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‘Brings closure’: Victims’ families react to Chad Daybell’s death sentence

BOISE Family members of the three people killed by Chad Daybell and his wife Lori Vallow Daybell said they feel a sense of healing and closure after the 55-year-old Utah religious author was sentenced to death Saturday.

Hearing the words “sentenced to death” by Judge Steven Boyce in the courtroom following the jury’s unanimous decision brought JJ Vallow’s family members Tylee Ryan and Tammy Daybell to tears.

When court ended, they stood and hugged each other, emotional knowing Daybell had been sentenced to death for killing Tammy Daybell, his wife of 29 years, in their Salem, Idaho, home. in October 2019, and Vallow’s two youngest children Daybell, 7-year-old JJ and 16-year-old Tylee, in September 2019.


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For the last time, the group appeared in court, able to say for the first time that everything was finally over.

“We’re right for our loved ones,” said Vicki Hoban, Tammy Daybell’s aunt. “And that’s what it’s always been about, getting justice for them.”

Tammy Daybell (family photo)

The sense of relief came just 24 hours after a difficult day in which some of the same family members gave jurors heartbreaking victim impact statements before death sentence deliberations began.

Tammy Daybell’s brother, Matthew Douglas, explained that he wanted to tell jurors to be true to themselves and do what is right or just.

But because of the Idaho statute, he said he could not read the portion of his victim impact statement that was addressed directly to the jury.

“I offer you my sincere gratitude, as a family member of a victim,” Douglas said, pausing at times as she choked up reading the words she couldn’t say in court. “Thank you for your time and selfless sacrifice. I hope you all know how much it means to someone in our position.”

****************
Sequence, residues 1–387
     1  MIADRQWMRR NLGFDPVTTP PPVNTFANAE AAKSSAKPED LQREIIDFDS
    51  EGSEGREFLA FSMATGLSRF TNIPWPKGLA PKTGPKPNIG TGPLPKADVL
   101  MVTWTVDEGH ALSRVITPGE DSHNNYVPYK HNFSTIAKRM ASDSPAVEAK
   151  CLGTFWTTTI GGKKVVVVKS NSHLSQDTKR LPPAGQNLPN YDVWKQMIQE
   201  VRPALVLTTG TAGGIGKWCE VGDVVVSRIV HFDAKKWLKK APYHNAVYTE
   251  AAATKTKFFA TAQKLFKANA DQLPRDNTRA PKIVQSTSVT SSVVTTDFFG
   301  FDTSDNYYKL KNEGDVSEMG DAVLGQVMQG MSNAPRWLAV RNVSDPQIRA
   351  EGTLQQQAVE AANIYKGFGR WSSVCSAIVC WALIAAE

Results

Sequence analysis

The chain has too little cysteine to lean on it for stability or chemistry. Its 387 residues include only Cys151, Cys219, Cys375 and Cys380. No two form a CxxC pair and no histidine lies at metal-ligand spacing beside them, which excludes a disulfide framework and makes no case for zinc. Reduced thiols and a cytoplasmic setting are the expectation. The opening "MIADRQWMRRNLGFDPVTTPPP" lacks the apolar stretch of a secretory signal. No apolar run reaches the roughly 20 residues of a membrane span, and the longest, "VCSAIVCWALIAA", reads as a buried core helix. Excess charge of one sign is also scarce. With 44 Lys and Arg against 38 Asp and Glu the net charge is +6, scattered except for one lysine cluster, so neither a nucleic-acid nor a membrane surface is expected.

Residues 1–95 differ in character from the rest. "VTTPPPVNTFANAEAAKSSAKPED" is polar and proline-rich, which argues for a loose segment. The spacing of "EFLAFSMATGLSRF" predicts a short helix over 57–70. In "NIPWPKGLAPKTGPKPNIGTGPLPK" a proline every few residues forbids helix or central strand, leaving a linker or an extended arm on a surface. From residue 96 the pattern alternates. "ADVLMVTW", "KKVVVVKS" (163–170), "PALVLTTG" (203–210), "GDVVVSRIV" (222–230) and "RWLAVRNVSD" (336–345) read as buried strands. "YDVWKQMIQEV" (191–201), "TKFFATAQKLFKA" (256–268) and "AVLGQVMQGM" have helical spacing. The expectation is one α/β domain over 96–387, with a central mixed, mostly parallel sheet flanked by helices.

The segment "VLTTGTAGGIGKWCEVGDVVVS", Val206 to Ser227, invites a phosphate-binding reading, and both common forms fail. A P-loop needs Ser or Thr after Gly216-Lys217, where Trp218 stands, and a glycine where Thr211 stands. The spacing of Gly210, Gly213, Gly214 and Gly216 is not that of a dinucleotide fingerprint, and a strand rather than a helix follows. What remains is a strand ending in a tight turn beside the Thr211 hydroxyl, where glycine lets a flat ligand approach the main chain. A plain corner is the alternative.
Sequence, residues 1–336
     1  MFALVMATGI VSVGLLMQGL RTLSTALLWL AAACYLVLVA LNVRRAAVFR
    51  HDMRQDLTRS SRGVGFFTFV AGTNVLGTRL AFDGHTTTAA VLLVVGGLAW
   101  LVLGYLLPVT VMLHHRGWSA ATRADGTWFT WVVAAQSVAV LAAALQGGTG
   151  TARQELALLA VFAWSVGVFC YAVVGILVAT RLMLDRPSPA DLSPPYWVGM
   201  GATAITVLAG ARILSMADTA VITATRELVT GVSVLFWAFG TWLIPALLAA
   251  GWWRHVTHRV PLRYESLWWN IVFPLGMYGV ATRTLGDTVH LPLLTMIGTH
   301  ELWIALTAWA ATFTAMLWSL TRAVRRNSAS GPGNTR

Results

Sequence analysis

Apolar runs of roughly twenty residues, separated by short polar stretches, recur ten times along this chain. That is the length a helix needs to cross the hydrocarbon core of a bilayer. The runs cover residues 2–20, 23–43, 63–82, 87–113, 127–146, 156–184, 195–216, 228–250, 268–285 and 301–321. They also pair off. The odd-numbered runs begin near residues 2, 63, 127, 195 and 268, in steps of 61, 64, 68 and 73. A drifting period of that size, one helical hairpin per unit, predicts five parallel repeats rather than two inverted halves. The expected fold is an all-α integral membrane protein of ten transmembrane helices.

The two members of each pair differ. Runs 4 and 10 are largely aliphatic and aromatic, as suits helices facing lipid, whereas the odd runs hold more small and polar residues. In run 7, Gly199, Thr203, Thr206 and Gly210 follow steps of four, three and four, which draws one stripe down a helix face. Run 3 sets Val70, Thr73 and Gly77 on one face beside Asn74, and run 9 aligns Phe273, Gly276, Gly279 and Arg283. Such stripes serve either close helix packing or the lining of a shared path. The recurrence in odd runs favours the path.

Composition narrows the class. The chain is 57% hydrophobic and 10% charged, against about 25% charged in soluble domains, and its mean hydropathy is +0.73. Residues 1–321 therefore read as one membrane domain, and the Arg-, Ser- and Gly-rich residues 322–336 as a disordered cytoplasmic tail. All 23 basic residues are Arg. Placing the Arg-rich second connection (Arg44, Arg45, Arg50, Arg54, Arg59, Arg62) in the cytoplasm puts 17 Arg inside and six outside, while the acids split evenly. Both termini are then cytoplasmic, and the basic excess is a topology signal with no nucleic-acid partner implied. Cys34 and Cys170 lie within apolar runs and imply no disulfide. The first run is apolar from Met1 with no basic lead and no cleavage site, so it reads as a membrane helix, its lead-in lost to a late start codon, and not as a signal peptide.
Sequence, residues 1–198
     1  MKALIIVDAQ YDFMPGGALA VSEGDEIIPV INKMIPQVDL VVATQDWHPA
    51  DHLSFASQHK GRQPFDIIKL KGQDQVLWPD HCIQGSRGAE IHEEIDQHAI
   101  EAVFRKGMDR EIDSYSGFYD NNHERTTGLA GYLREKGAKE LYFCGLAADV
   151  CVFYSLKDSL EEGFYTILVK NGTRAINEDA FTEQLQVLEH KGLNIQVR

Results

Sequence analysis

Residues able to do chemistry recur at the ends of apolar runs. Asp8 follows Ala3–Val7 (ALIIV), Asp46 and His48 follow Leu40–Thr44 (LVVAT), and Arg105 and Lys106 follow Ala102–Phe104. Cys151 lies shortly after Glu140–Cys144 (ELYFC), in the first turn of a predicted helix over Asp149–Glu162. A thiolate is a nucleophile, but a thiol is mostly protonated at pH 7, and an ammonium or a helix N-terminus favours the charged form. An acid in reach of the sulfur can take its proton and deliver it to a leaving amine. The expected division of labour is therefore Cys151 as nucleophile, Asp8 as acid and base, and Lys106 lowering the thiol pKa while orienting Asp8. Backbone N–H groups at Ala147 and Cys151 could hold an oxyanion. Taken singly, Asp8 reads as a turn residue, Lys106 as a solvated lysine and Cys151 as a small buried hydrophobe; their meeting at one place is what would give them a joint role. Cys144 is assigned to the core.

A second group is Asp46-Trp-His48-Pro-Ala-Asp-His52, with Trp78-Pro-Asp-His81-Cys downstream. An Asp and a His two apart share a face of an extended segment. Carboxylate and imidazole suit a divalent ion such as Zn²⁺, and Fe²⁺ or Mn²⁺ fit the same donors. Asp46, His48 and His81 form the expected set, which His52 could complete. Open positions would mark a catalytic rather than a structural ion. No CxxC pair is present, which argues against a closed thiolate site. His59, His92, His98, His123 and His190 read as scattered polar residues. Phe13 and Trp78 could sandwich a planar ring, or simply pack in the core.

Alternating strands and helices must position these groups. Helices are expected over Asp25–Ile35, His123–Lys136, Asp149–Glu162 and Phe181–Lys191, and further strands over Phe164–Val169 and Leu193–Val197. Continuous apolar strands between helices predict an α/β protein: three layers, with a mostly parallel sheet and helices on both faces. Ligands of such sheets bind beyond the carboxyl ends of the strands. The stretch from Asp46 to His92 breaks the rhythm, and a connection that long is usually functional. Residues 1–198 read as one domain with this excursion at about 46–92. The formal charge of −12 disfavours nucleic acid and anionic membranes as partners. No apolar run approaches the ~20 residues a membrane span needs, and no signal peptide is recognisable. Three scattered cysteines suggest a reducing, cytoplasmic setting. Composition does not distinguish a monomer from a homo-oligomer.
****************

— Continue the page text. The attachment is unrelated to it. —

He asked that jurors get the support and help they need, knowing what they have been through.

“Living for me, and for all of us who are victims, was enough of a burden,” Douglas said. “Please don’t carry this burden for us on your heart.”

Matthew Douglas, Tammy Daybell’s brother, surrounded by his siblings and their spouses (KSL TV)

Colby Ryan, JJ and Tylee’s older brother and Vallow Daybell’s only surviving child, said he can now close a painful chapter.

“It doesn’t change the outcome. But it is good news and it brings closure to all those who have been hurt,” he said.

The pain for Kay and Larry Woodcock began years ago with a simple question about their grandson when Vallow Daybell wouldn’t let them contact JJ.

Larry Woodcock said it’s important to speak up when something is wrong.

“I did it and I will do it again. where are the children where are the children Where are the children?” he asked.

They received the gruesome answer on June 9, 2020, when the children’s remains were discovered on Daybell’s property. The Woodcocks still have no good reason why. Chad Daybell and Vallow Daybell wanting to get married and collect their children’s Social Security benefits to finance their living expenses is an insult, Larry Woodcock said.

“For what? What was achieved?” asked Larry Woodcock. “Nothing. Nothing was achieved.”

JJ Vallow and Tylee Ryan (file photo)

Vallow Daybell was convicted last year of conspiracy to kill her children, as well as conspiracy to kill Tammy and grand theft of Social Security benefits.

She will spend her life in prison.

“Everyone’s support is how we got through it,” Kay Woodcock said. “And you know, I’m not done yet.”

Vallow Daybell is in jail in Arizona awaiting trial on two counts related to the death of her fourth husband, Charles Vallow, and the attempted murder of her ex-nephew Brandon Boudreaux.

JJ Vallow’s grandparents, Kay and Larry Woodcock (KSL TV)

Daybell is sentenced to death for the conspiracy and murders of JJ, Tylee, and Tammy Daybell, plus he received two 15-year prison terms to run concurrently with two counts of insurance fraud for Tammy Daybell’s life insurance policies.

Tammy Daybell’s brother-in-law Jason Gwilliam spoke about how JJ, Tylee and Tammy’s families are forever connected.

“The hardest part I think about all of this is that our family has lost, lost a brother,” he said. “But in the process, I almost gained an entire family, and that can’t be replaced.”

Reading a statement, Gwilliam spoke of The Tammy Douglas Daybell Foundation family started to carry on Tammy’s legacy by increasing literacy and putting books in the hands of children.

He expressed his gratitude for all the support as he works to move forward.